Steps for Cleaning a Furnace
Cleaning a furnace is not a very difficult job. This is fortunate because it's something you should do at the onset of winter and about once a month thereafter in heavy-use months, generally the coldest ones.
To clean your filter, start by locating your circuit breaker and turning off the power to your furnace [source: Standley]. It's always better to be safe than sorry. Then you must open the panel of your furnace that houses the filter. As noted on the previous page, you might need a screwdriver or some other tool for this part of the job, depending on your model. However, either way it should not be difficult.
Once you find the filter, remove it and examine it. If it's a disposable filter, cleaning is as easy as inserting a new filter and putting the panel back. A disposable filter usually looks like a piece of pleated paper enclosed in a cardboard frame and an open cardboard, metal or wire grid. Some disposable filters are not made of pleated material; these might have a sheet of fiberglass material inside.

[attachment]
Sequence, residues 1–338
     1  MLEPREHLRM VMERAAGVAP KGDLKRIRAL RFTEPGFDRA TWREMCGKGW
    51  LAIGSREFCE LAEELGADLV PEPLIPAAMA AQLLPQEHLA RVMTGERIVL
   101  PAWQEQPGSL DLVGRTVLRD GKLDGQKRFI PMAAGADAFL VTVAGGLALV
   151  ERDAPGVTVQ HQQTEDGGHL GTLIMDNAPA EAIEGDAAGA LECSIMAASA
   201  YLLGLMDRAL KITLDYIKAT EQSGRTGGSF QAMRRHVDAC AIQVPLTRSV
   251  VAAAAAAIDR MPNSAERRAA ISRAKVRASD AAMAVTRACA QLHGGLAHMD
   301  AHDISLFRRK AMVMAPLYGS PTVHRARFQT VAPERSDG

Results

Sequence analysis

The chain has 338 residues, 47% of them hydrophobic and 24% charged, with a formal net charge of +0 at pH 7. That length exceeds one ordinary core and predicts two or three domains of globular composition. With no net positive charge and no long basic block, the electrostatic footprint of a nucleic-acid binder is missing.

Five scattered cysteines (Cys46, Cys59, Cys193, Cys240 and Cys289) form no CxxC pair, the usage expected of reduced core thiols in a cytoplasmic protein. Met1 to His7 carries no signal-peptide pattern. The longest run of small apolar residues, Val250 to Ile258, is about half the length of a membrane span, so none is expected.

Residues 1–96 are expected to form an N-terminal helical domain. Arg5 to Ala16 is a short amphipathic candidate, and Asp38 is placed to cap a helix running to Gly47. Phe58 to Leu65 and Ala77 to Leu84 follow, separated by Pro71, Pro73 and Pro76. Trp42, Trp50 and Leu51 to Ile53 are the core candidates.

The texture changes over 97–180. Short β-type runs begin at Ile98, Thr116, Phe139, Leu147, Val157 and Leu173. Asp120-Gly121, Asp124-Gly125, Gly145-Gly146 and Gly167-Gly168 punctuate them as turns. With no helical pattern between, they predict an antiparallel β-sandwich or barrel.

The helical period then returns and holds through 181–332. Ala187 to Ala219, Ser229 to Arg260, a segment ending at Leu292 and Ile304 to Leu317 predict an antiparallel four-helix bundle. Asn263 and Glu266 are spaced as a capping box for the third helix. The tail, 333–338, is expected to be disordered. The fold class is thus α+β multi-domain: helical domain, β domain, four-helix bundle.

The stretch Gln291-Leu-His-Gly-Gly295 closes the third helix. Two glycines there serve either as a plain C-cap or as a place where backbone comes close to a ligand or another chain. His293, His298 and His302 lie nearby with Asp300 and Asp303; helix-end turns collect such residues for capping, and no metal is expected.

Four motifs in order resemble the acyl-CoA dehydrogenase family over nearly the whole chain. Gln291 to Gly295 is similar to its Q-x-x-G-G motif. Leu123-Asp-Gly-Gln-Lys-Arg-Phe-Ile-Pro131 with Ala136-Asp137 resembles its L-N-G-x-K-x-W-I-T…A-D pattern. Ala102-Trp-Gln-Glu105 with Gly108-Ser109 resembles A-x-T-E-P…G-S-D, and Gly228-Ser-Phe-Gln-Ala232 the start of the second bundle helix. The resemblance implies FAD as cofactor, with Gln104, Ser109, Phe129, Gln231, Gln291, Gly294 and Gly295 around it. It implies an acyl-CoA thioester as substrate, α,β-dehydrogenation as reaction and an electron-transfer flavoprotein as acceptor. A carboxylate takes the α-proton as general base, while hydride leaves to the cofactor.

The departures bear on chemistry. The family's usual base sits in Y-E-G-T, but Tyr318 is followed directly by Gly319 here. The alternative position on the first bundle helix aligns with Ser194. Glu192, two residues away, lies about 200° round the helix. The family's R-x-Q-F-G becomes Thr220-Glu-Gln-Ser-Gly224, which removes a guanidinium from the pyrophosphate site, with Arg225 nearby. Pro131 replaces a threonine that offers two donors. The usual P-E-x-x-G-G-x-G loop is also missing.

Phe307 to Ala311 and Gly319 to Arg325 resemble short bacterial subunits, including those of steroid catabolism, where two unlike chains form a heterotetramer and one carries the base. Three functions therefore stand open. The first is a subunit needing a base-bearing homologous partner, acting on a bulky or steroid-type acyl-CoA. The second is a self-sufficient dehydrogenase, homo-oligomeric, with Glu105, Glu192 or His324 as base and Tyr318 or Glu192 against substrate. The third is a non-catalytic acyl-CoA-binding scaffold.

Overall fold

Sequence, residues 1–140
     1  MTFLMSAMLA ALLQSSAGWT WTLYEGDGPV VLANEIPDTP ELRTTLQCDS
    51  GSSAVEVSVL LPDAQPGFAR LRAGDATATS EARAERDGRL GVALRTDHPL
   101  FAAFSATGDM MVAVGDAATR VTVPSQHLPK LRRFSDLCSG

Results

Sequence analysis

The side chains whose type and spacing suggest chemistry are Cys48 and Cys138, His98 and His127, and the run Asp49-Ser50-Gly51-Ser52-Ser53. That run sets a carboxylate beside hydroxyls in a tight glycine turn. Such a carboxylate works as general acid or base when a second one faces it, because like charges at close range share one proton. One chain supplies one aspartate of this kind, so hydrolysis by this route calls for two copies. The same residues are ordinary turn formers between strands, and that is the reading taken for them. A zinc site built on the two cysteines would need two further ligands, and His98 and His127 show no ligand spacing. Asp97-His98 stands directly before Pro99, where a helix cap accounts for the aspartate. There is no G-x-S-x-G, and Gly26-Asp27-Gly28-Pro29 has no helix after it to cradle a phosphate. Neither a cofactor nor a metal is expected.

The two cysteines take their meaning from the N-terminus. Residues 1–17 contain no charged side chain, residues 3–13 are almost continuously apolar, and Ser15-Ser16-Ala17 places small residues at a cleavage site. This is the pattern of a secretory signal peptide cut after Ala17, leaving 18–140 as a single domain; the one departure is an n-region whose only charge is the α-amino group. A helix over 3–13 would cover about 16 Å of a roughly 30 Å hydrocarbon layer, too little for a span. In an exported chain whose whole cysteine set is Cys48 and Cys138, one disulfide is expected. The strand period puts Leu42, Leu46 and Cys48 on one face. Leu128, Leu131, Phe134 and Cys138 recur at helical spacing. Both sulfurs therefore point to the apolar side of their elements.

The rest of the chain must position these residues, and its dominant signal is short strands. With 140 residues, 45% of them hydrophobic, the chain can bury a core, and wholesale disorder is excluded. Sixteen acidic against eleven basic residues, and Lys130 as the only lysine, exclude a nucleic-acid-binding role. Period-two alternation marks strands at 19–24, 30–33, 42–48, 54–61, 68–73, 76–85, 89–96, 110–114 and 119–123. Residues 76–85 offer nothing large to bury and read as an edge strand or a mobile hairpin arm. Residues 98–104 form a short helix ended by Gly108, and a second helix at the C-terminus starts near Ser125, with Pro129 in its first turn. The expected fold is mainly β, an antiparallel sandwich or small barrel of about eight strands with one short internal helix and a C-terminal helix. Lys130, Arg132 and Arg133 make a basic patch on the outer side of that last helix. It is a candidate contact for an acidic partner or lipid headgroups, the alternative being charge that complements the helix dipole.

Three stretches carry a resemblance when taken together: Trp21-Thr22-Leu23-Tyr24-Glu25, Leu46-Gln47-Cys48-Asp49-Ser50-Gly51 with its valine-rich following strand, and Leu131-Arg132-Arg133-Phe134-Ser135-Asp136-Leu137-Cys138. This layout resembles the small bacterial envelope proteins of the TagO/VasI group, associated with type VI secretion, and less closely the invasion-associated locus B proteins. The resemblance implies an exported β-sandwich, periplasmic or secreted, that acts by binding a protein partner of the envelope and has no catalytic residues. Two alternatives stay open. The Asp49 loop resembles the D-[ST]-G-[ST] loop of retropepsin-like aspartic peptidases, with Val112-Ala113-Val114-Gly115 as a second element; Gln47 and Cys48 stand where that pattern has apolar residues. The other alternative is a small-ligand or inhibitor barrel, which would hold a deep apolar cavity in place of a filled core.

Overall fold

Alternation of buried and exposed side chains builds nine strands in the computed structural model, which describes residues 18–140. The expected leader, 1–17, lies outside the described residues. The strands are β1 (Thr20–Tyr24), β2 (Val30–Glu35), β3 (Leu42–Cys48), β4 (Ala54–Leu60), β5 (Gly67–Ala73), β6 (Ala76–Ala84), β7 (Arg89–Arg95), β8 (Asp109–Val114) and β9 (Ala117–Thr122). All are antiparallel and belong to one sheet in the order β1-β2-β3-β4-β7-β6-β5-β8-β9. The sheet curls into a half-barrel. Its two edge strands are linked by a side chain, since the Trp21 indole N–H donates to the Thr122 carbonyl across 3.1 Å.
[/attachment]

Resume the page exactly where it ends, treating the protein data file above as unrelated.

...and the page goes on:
If you're running a more environmentally friendly household, however, you'll likely find a permanent, reusable filter. Remove it and examine it. A permanent filter will resemble a disposable filter only slightly, in that it is some type of filtering material enclosed in a frame and grid. Many permanent filters contain several layers of filtration material that surround some sort of anti-microbial core. The frames are made of durable metal, typically aluminum because it will resist corrosion.
To clean a permanent filter, use your vacuum to get the majority of the loose dirt. Then you can use the scrub brush or a damp cloth to remove stubborn particles. If you have access to a shop sink or outdoor hose, go ahead and rinse the entire filter. Make sure you let the filter dry before putting it back in the furnace housing [source: Halas]. Most reusable filters have drain holes to speed up the drying time.
While you're waiting for the filter to dry, use the swabs, toothpicks and toothbrush to clean the area where the filter sits. In addition to replacing or washing the filter, you can also clean the blower assembly and motor housing.
Last but certainly not least, continue reading to become aware of furnace-cleaning safety concerns.